(IAAC) Obj: Barnard's Loop (Sh2-276, NGC1927, NGC1909, Sh2-245, LBN835, LBN836) - Inst: 2.75", 3", 5", 18", 24"

Observer: Dave Riddle
Your skills: Advanced (many years)
Date/time of observation: Mid February, 2002
Location of site: North Florida, USA (Lat ~32N, Elev ~0m)
Site classification: Rural
Sky darkness: "Transparent"
Seeing: "Good"
Moon presence: None - moon not in sky
Instrument: 2.75" f/6.8 Pronto, 3" triplet f/7.4 TeleVue Oracle 3
            refractor, 5" f/8 AP refractor, 18" f/5 dob, 24" dob
Magnification: 16x, 35x, 58x, 84x,115x
Filter(s): None. UHC. OIII. H-beta.
Object(s): Barnard's Loop (Sh2-276, NGC1927, NGC1909, Sh2-245, LBN835, LBN836)
Category: Supernova remnant. Emission nebula.
Constellation: Ori, Eri
Data: mag FT 2.05m* (zeta Ori); size 600'x30', 400'x40', 600'x20'
Position: 0548 +0101, 0527 -0358, 0552 -0629
Hi Folks,
How much of Barnard's Loop can be traced visually using small aperture
telescopes? Over the course of four evenings I used five telescopes to survey
the area to determine the extent of the Loop and was quite surprised by what
I saw. I used a 2.8" f/6.8 refractor (the Pronto), a 3" triplet f/7.4 refractor
(an old TeleVue Oracle 3), my 5" f/8 AstroPhysics refractor and my 18" f/5
reflector in rural Florida under "good" skies -- despite the site's elevation
being practically at sea level, a cold front brought dry, transparent air and
good seeing conditions.
The part of the Loop north of the Belt of Orion is a well known "H-beta"
object. My previous attempts to follow the nebula southward with an H-beta
filter revealed nothing and I had pretty much written off the object as
"photographic only." When I spotted a large bright glow _without_ the filter
in the position of the Southern Loop, I initially was puzzled by what I was
seeing and thought it must be one of the weakly illuminated dark nebula that
mottle this area of Orion. A follow up observation made this past Saturday
evening revealed this bright area to be the southern extension of the Loop
and I could trace the entire nebula that curves westward near 53 Orionis
(Kappa) and ends just eastward of Rigel. I found the "curve" west of Kappa
particularly well defined in the Pronto at 16X with an UHC filter. A broad
diffused glow runs north to connect with the part of the Loop that is plotted
in the Uranometria. Westward of the curve is a thin wash of nebulosity that
terminates in the position of the "nonexistent" nebulae NGC 1927 & NGC 1909.
Did Herschel see the western end of the Loop and assign it two NGC numbers?
He suspected the _northern_ end of the Loop during his sweeps and commented
"effected with milky nebulosity" and noted it as "area 27" in his list of
suspected nebulous regions and it appears he saw the extreme western end of
the Loop also. I found "NGC 1909" to been easily visible in all of the small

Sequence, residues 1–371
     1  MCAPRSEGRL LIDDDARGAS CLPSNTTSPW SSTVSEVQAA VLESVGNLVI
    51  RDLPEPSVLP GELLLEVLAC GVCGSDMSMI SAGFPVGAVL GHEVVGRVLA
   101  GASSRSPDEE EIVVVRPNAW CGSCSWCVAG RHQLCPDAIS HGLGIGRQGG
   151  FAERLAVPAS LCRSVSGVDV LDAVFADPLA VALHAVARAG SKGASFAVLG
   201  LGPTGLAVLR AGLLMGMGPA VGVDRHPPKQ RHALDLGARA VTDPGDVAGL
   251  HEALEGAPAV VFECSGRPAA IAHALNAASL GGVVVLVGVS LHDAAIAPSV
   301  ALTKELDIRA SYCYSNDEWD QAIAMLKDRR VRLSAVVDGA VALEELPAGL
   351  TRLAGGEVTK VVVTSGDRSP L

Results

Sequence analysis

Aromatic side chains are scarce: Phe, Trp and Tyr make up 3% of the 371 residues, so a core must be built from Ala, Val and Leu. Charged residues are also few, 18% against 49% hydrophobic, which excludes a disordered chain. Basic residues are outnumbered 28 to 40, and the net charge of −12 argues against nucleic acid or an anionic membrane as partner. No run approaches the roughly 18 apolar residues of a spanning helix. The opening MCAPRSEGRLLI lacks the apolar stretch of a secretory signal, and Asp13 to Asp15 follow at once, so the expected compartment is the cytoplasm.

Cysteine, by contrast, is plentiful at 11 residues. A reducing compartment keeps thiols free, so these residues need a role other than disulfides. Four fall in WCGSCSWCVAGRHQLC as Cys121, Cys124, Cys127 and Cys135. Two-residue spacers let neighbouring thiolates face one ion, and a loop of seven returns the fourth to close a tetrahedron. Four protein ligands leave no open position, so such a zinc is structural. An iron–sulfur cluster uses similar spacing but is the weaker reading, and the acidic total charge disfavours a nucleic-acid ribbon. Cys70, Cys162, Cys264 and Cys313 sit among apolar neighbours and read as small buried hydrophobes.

refractors. My 18" (20 mm Nagler with a broadband filter) revealed a weak
amorphous glow about a degree across oriented NE to SW. I suspected a much
fainter halo in the 5" at 35X. I contend this is the "real" NGC 1909 and it
is at the position Herschel noted (05:25:54 -08:08 {2000.0}). The question
of NGC 1927 is more difficult. I suspected an exceeding faint glow extending
south of the double star GSC 5322:1833 with the 18". Alex Langoussis' 24"
reflector made the object a bit easier -- appearing as a very faint fan
extending about 18 arc minutes southward of the double. The south end of this
nebula appeared very slightly brighter at 84X with an UHC and H-beta filter.
How many amateurs are aware that Barnard's Loop has an optical counterpart
that lies about 28 degrees west of Sh2-276? One theory concerning this
western arc (the optical nebula associated with the "Ori-Eri Bubble") is the
western arc expanded at a greater rate than the eastern arc (the Loop) due
to the absence of interstellar matter -- Barnard's Loop being slowed in
expansion by colliding with interstellar material. The Eridanus arc was
catalogued by Sharpless as Sh2-245 and Lynds noted it as LBN 835 and 836.
I found this arc to be a surprisingly easy target in my 18" at 58X (40 mm
Pentax eyepiece) with an [OIII] filter with a true field a bit over one
degree. This arc appeared as a nicely contrasting "stain" about one degree
long and 15 arc minutes wide running north to south. I didn't take the time
to explore beyond this area although it is possible many more parts of the
Eridanus Bubble are visible -- the dimensions of Sh2-245 are 30 by 600 arc
minutes! The area I observed is LBN 836 at 4 02 +3 48 (2000).
To sum it up, the entire arc of Barnard's Loop is visible in surprisingly
small apertures. While the part north of the Belt of Orion responds to a
H-beta filter, the southern arc can be seen without a filter. Apparently,
the emission characteristics change over the course of the Loop. NGC 1909
certainly is a real object and visible in a 70 mm refractor and this nebula
appears to be associated with the great arc of Barnard's Loop. The Eridanus
Bubble has spots of nebulosity that aren't difficult objects as seen from a
dark site. Although it required a few evenings to observe and map this cosmic
bubble, I received a great deal of satisfaction making the observations.
Dave Riddle
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